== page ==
When Happier Thinking came in the mail, I was a little skeptical. I thought, “It’s a tiny book, how could this possibly be that useful.”
If you go into this book thinking you’re going to have loads and loads of information tossed at you so you can immediately change your life, you’ll be disappointed. The beauty of this book isn’t in the fact that it’s offering you tons of ways to help you think happier, but that it’s offering you concrete ways to do so. It almost made me feel like someone was giving me little reminders on good habits to adopt.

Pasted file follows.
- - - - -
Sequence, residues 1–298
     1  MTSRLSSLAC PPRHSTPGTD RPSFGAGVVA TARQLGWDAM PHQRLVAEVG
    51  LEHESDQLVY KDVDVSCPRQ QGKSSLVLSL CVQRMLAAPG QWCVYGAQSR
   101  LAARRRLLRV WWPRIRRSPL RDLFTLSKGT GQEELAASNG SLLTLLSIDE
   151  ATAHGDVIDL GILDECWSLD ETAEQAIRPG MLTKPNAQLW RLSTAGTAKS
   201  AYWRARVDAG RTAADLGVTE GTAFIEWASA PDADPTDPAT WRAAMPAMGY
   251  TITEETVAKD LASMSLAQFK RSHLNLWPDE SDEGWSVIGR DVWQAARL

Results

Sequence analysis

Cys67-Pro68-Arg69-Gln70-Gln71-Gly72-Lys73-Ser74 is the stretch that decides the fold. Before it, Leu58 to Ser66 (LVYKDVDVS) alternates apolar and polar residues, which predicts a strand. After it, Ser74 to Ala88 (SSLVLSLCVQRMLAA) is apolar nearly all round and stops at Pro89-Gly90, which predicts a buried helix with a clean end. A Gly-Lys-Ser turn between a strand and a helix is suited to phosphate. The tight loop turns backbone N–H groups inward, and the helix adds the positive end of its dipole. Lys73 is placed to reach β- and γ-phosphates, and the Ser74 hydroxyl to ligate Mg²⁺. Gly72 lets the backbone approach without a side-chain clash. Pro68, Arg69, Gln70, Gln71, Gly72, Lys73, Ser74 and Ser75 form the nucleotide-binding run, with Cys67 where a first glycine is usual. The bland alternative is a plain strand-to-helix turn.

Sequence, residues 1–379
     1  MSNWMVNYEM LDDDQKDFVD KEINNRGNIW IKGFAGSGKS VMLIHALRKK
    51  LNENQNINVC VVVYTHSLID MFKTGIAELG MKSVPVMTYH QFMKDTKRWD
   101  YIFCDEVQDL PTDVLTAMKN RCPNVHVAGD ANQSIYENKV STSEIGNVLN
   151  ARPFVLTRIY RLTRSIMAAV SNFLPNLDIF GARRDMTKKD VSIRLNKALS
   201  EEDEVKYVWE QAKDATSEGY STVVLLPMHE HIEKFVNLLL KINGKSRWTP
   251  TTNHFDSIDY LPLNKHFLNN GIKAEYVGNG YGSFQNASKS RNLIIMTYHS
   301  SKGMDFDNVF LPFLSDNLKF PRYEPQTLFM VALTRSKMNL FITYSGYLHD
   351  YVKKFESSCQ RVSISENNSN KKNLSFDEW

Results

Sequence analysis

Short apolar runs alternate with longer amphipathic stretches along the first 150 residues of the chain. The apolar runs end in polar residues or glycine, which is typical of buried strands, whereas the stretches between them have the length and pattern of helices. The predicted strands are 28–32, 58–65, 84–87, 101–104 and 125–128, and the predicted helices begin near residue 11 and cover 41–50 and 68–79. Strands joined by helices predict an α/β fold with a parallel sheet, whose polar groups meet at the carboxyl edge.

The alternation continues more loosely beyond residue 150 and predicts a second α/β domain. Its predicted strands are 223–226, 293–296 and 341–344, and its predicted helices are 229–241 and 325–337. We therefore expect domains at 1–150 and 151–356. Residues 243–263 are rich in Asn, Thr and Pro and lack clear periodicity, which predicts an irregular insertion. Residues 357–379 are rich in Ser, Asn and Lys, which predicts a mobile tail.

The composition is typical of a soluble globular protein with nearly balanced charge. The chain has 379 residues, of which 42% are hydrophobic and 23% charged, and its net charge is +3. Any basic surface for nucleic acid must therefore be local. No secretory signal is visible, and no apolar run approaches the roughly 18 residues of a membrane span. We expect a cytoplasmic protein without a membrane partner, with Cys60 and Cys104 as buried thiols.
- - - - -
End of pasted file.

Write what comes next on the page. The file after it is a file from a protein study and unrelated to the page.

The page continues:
The thing with it being so short, too, is that the information is easily digestible. You can choose to read it all in one sitting, like I did, or to break it up by chapter and start with each piece of information. It makes the process of “change” a little less overwhelming, which I greatly appreciated. Sometimes self-help books are so gigantic I can’t even take them off the shelf for fear of failing.
If you like quick reads chalk full of quirky humour, a funny friend jumping off the page to offer you sage advice, and a fast pick-me-up when you’re feeling down, Happier Thinking is it. I find myself flipping through it randomly when I’m feeling down, just to bring a smile to my face for a minute or two. And it works.